C# – Use StringAssert when testing a string for substrings

When you’re testing if two strings are equal, you can simply use Assert.AreEqual().

When you’re testing if a string contains a substring or a pattern, typically developers use Assert.IsTrue() with a substring method or regex. You should use StringAssert instead, because it gives better failure messages.

var greeting = "Hi Socrates, why are you here?"; //use this StringAssert.Contains(greeting, "Hello"); /* * Failure message: * StringAssert.Contains failed. String 'Hi Socrates, why are you here?' does not contain string 'Hello'. . */ //instead of this Assert.IsTrue(greeting.Contains("Hello")); /* * Failure message: * Assert.IsTrue failed. */
Code language: JavaScript (javascript)

The key problem is Assert.IsTrue() gives useless information. You have to go look at the unit test to understand what it’s testing and why it failed. StringAssert solves the problem – it gives very helpful information.

In this article, I’ll show a full example comparing StringAssert vs Assert.IsTrue, and then show examples of how to use each of the StringAssert methods.

Example – Comparing StringAssert.Contains() with Assert.IsTrue()

Let’s say you have a mapper class. Given a person object, it outputs messages like this:

1234 2560a3e3cea7479ab28a4b56b0a4fc9f <<full name based on culture rules>> 2021-01-04T08:15:42.0467508-05:00
Code language: plaintext (plaintext)

Now you want to add a test that verifies it formats the person’s name according to the culture rules. How would you test this?

Here’s how you’d do it using Assert.IsTrue() with string.Contains():

[TestMethod()] public void TestMapper_WhenNameIsBobSmith_AndRuleIsFamilyThenGiven_ThenMessageContainsSmithBob() { //arrange var person = new Person() { FamilyName = "Smith", GivenName = "Bob", FullNameCultureRule = FullNameCultureRules.FamilyThenGiven }; var mapper = new PersonMessageMapper(); //act var message = mapper.MapToMessage(person); //assert Assert.IsTrue(message.Contains("Smith Bob")); }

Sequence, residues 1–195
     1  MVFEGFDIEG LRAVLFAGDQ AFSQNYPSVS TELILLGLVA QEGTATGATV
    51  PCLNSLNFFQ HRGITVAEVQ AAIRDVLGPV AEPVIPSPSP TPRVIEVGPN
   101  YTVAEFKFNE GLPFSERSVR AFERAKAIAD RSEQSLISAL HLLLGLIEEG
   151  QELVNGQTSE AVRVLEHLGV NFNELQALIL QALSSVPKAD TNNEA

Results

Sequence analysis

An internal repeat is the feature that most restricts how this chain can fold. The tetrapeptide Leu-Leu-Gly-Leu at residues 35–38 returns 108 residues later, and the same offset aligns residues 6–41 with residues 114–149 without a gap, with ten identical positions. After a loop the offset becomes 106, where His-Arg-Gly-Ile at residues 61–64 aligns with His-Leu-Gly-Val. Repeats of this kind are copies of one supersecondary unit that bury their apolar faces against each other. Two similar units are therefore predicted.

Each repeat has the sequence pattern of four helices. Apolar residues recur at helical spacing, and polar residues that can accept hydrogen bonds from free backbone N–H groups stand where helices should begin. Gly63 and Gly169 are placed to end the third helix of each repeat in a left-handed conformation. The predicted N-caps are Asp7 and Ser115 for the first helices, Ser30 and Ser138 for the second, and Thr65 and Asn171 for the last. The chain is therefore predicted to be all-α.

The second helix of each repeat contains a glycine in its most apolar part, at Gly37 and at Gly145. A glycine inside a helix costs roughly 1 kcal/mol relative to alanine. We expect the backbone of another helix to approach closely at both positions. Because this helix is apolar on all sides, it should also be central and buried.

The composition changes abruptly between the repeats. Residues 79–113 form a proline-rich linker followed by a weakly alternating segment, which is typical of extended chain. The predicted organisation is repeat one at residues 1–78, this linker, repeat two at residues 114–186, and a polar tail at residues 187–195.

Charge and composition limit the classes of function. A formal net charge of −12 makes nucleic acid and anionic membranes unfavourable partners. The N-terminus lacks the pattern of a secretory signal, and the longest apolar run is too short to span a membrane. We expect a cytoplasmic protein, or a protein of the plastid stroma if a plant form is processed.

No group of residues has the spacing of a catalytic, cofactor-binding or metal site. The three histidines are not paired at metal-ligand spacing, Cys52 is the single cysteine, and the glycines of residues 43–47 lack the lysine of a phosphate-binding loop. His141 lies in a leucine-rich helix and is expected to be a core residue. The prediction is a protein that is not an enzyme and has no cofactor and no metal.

Code language: C# (cs)

The functionality isn’t implemented yet, so you expect the test to fail (test-first development). This test produces the following failure message:

Assert.IsTrue failed.
Code language: plaintext (plaintext)

This doesn’t give any useful information about what was being tested or why it failed. To get more useful information, you can use StringAssert.Contains(), like this:

[TestMethod()] public void TestMapper_WhenNameIsBobSmith_AndRuleIsFamilyThenGiven_ThenMessageContainsSmithBob() { //arrange var person = new Person() { FamilyName = "Smith", GivenName = "Bob", FullNameCultureRule = FullNameCultureRules.FamilyThenGiven }; var mapper = new PersonMessageMapper(); //act var message = mapper.MapToMessage(person); //assert StringAssert.Contains(message, "Smith Bob"); }
Code language: C# (cs)

When this test fails, it produces the following failure message:

StringAssert.Contains failed. String '1234 7b4563cffaf243b9b00337b994e23c5d 2021-01-04T08:23:52.8571802-05:00 ' does not contain string 'Smith Bob'. .
Code language: plaintext (plaintext)

This failure message gives you enough information to understand why the test failed. You don’t even need to go look at the unit test to understand what it’s testing and why it failed. This is the mark of a good failure message.

Compare this with the bad failure message given by Assert.IsTrue() – which requires you to go look at the test to understand what it’s testing and why it failed.

StringAssert method reference

This section shows all of the StringAssert methods and examples of using them.

StringAssert.Contains()

Checks the string for a substring.

Example:

var message = "My name is Smith Bob"; StringAssert.Contains(message, "Smith Bob");
Code language: C# (cs)

StringAssert.StartsWith()

Checks the start of the string for a substring.

Example:

var message = "1234 Hello"; StringAssert.StartsWith(message, "1234");
Code language: C# (cs)

StringAssert.EndsWith()

Checks the end of the string for a substring.

Example:

var sb = new StringBuilder(); sb.AppendLine("1234"); sb.AppendLine("00"); var message = sb.ToString(); StringAssert.EndsWith(message, $"00{Environment.NewLine}");
Code language: C# (cs)

Note: This one can be tricky due to line endings.

StringAssert.Matches()

Checks if the string matches a regex pattern.

Example:

var message = Guid.NewGuid().ToString("N"); StringAssert.Matches(message, new Regex("[a-z0-9]{32}"));
Code language: C# (cs)

Note: DoesNotMatch() is the opposite.

Case insensitive matching

Unfortunately StringAssert.Contains() doesn’t have a way to ignore case.

Instead, you can use StringAssert.Matches() with RegexOptions.IgnoreCase like this:

var greeting = "Hello world"; StringAssert.Matches(greeting, new Regex("hello", RegexOptions.IgnoreCase));
Code language: C# (cs)

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